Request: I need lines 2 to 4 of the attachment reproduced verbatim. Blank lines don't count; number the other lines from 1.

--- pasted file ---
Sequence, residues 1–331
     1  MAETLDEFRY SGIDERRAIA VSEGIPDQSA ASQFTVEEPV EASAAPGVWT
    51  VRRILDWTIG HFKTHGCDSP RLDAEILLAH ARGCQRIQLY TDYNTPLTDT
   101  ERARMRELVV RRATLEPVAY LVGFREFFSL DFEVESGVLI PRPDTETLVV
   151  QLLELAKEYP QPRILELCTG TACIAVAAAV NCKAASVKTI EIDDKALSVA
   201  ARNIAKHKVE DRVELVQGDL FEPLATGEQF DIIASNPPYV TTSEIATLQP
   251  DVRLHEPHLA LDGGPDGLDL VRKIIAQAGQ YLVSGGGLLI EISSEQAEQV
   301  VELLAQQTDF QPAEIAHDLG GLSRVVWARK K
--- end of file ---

     1  MAETLDEFRY SGIDERRAIA VSEGIPDQSA ASQFTVEEPV EASAAPGVWT
    51  VRRILDWTIG HFKTHGCDSP RLDAEILLAH ARGCQRIQLY TDYNTPLTDT
   101  ERARMRELVV RRATLEPVAY LVGFREFFSL DFEVESGVLI PRPDTETLVV